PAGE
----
A Short History of the Lamborghini Countach LP400

When the bright yellow prototype of the Lamborghini Countach LP400 was first shown to the public at the 1971 Geneva Motor Show many wondered if designer Marcello Gandini had lost his mind. How could this angular, trapezoid-based design have come from the same hand as the almost obscenely curvy Lamborghini Miura?

Of course in 1971 no one could have known that this new shape would define supercars for decades to come, spawning the cab-forward-wedge silhouette that became the de facto standard.

Gandini was still a relative newcomer to the world of automotive design, having only been hired by Bertone in 1965, replacing another Italian automotive design legend – Giorgetto Giugiaro. One of Gandini’s earliest designs was the Lamborghini Miura, a seductive rear-mid engined coupe that launched the Italian carmaker to the forefront of the global supercar world.

There must have been no small amount of trepidation before the release of the Countach to the world’s media in 1971, it represented a huge step into the future for Lamborghini, and no one was really sure what that future held.

Unlike the Miura, the Countach had its engine mounted longitudinally rather than transversely. It was also installed backward for better weight distribution – with the gearbox at the front and the drive shaft running back to the differential through the engine’s sump. The first series of the Countach was the LP400, and it was fitted with the same 3929cc DOHC V12 as the still-in-production Miura with 6 Weber twin-choke 45 DCOE carburettors.

The model name LP400 Periscopio was derived from “Longitudinale Posteriore” (the engine orientation), “400” referencing the engine displacement, and “Periscopio” referencing the periscope-like rear vision mirror needed for rearward visibility.

Just 158 examples of the LP400 Periscopio were made before production shifted to the modified LP500 – the latter of which lost much of the simplicity of the first Gandini design, with wider wheel arches, an optional rear wing, a front spoiler, and more venting.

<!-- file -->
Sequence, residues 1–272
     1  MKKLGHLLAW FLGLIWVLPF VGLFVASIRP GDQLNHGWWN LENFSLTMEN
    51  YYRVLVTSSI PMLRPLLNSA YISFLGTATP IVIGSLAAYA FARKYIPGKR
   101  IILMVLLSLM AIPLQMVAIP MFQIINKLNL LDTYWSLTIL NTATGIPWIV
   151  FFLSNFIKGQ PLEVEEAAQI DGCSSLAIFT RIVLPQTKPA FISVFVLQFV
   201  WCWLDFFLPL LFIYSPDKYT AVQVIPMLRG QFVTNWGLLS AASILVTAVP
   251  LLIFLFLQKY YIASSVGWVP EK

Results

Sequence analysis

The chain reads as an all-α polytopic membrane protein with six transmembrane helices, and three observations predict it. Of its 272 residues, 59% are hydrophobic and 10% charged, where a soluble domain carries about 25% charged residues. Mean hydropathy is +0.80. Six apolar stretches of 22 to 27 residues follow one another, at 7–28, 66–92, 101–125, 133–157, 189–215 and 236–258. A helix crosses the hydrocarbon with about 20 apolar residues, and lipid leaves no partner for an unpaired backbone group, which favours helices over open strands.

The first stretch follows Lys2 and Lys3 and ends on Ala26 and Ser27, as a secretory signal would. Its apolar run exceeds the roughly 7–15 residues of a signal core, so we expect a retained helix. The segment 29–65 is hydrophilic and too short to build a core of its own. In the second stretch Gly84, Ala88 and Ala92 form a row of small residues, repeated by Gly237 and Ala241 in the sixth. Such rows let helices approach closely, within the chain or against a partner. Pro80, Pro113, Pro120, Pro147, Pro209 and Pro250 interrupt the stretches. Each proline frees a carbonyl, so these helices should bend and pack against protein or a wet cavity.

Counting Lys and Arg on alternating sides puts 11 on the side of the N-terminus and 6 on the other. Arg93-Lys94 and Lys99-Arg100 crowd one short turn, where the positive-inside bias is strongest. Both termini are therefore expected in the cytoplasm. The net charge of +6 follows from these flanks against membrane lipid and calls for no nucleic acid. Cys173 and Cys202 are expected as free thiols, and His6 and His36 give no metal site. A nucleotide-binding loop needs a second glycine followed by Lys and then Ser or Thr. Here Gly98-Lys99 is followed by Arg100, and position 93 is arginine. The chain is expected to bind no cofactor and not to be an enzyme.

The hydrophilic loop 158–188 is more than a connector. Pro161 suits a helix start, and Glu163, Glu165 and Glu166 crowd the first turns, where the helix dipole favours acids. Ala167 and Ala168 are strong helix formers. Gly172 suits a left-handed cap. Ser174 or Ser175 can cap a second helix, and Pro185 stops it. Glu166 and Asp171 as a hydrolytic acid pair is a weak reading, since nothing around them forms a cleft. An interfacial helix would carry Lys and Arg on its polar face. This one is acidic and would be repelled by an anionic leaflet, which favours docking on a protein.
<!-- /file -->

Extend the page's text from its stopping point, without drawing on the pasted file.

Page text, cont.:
Today the original Countach is in demand with collectors. Values have uncreased significantly even in just the past 10 years or so, with immaculate examples like this one fetching $1,000,000 USD plus at auction.

The Lamborghini Countach LP400 Shown Here

The LP400 you see here was ordered new by Prince Mansour Bin Mashal of Saudi Arabia, in the same yellow as the original 1971 Geneva Motor Show prototype. He used the car sparingly, as did subsequent owners – it now has just 6,000 kilometres on the clock since new. It’s been refreshed in recent years with a fresh coat of Giallo Fly and a newly upholstered interior in the original tobacco leather. It’s also still wearing its original wheels, with their characteristically narrow tires – much wider rubber was fitted to later examples of the model.

The car is due to roll across the auction block with RM Sotheby’s on the 27th of May, with an estimated value of between €900,000 and €1,100,000. It’s likely to prove a popular not thanks to its rarity, originality, and it’s royal heritage.

If you’d like to read more about it or register to bid you can click here to visit the listing.

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Photo Credits: Tim Scott ©2017 Courtesy of RM Sotheby’s